SC: You managed to stay undefeated before the Sochi Games. And going into the team competition, why did you decide to compete in both portions while many top skaters chose to compete in just one?
Charlie: We wanted to do as well as possible (laugh). Really we thought it was another amazing opportunity at the Olympic Games, and to potentially win another Olympic medal. We understand really well that you have so few opportunities in your lives to really seize that moment. I think that is our attitude in every single competition and is something that has always worked to our advantage. It is just the psychology behind competitions: if you have the opportunity, you are going to take it. It was very challenging just because the Olympics are so emotionally exhausting, to have one event and then have to do another one following just shortly after, it was a very tough challenge, but it is something that, if we are given the opportunity again, we would certainly want to do, because as I said, you only have so many chances.

SC: People always talk about peaking at the right time. It seems to me that you already peaked in the team competition, but what did you do in between the team and individual competitions to stay focused and try to peak another time?
Meryl: I’m not going to lie. That was something we were concerned about as well. We were thinking, we felt so good about the way we performed during the team event, what if we go into the individual event, we cannot perform the same way? That was really scary. But I think one of our main reasons for our consistency from especially the 2012-2013 to 2013-2014 seasons was that we had developed a system for being completely and utterly ready for competition no matter what. Whether it was starting to build our training at the right time, taking time off when we needed to, making sure our bodies were recovered when we got back on the ice. Everything about the way we approached competition was very well thought out. So when we stepped on the ice for competition, there was never any question that we were completely ready. So even though as I said, we were a little bit nervous to compete twice within a three-week period at the Olympics, we had talked a lot with our coach Marina going into the Olympics, and we just realized, we had been training consistently for years, and we were so ready to perform at our very best, that if we have the opportunity, like Charlie said, to compete four times at the Olympic Games, it’s only a positive thing for us.

SC: Another challenge you faced at the Olympics was that you skated last in both portions of the team and individual competitions and there was a fairly long waiting time between your warm-up and your actual performances. What is your routine to stay concentrated and ready to compete?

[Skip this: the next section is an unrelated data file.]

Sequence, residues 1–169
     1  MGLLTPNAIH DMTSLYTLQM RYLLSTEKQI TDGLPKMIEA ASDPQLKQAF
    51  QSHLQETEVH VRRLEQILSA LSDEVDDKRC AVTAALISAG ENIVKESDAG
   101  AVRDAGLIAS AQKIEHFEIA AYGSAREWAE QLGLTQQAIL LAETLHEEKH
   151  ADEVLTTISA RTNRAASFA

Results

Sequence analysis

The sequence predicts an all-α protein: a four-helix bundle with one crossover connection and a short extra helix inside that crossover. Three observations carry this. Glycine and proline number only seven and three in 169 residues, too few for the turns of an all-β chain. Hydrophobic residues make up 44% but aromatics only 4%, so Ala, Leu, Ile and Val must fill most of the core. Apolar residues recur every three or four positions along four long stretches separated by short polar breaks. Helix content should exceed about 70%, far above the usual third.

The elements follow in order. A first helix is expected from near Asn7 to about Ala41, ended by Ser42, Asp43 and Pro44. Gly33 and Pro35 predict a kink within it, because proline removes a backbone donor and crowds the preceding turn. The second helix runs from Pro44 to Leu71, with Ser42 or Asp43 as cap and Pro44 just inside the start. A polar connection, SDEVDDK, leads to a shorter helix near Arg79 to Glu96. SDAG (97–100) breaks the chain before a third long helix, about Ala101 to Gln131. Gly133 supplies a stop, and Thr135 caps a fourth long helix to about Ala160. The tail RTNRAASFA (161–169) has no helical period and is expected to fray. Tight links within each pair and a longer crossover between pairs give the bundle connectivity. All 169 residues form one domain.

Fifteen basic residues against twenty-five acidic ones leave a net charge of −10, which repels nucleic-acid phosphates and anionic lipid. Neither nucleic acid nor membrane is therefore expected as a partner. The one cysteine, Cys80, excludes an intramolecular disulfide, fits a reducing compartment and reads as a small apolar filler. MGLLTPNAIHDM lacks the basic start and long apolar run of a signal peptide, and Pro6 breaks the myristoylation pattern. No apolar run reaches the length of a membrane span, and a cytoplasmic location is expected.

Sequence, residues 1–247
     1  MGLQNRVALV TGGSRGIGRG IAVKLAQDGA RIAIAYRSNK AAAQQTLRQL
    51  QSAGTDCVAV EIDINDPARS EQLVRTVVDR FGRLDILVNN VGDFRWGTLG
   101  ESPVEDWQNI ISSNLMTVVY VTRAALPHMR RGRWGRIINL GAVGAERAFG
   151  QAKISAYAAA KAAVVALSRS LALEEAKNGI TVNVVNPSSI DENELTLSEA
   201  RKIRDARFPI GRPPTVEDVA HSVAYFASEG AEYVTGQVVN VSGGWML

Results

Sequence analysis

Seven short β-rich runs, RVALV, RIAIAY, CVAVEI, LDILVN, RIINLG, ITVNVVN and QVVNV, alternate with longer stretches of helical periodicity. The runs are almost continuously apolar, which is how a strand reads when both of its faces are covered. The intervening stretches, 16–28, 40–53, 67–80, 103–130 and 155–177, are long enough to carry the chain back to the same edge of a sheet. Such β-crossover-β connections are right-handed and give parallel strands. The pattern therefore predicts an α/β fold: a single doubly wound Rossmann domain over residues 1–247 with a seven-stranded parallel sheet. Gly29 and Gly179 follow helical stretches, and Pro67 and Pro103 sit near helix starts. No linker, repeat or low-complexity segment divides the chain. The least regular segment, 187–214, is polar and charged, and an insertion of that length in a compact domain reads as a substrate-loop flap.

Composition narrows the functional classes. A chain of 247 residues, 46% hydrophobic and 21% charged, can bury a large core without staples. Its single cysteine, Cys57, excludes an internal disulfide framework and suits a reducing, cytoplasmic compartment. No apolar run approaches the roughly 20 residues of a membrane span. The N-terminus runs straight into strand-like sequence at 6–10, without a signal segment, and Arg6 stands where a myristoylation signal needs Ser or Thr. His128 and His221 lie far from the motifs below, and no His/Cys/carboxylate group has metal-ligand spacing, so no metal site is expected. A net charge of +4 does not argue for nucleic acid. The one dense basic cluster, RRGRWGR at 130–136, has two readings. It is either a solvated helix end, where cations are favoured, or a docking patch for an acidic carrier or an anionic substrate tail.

Charlie: It’s never easy, especially at the Olympics, when you just want to get out and do it, because you feel that the weight of the world is slowly crashing to you (laugh).Unimaginable anxiety is the feeling I would use to describe the moments in between the warm-up and when you skate. The less time there, usually the better. But on the flip side of the coin, we recognized that we had the opportunity each time to really put an exclamation point on the event. Because of all of our experiences, we had been first, we had been second, we had skated last so many times in every different way and every imaginable circumstance, we were able to, without even saying anything, had the understanding that this was just all the work and competitions that have come before the Olympics and just the way it had to be. I think with that mindset, you can kind of deal with the pressure and anxiety in between these two things. And honestly, as soon as you step on the ice, you become ten times less claustrophobic and you suddenly realize you are actually able to skate.

SC: Standing on the top step of the podium in the Olympics is something that every athlete thinks about. Now that you have finally achieved your career-long goal, can you take us back to that moment? Were you more emotional during the flower ceremony as it was right after the competition, or was it the actual medal ceremony later on that got you more emotional?
Charlie: I think we were equally excited. We felt really lucky that there were two separate ceremonies so that we could prolong the experience of our dream come true. Standing on top of the podium at the Olympics specifically is really crazy. It doesn't feel like real life when you are up there. Trying to come to terms with the idea of becoming an Olympic champion is not something that you prepare for as an athlete. Talking with you just now, you have an idea of how much thought we put into every little thing going into the competition, but we definitely never considered the outcome other than maybe we hope to earn this. But becoming an Olympic champion and representing your home country is a really special feeling and when you are on the podium, it gives you a perspective on how you got there. Both of us became very appreciative, not that we weren’t always , but in that moment, of the work that everyone else put in, our parents, our coaches, our families, the US Figure Skating, the judges. And what a big part that everyone else played in our ability to succeed. And I think we are really lucky to be able to look at it like that. That’s something that makes your experience that much more enjoyable. And it was really special for us.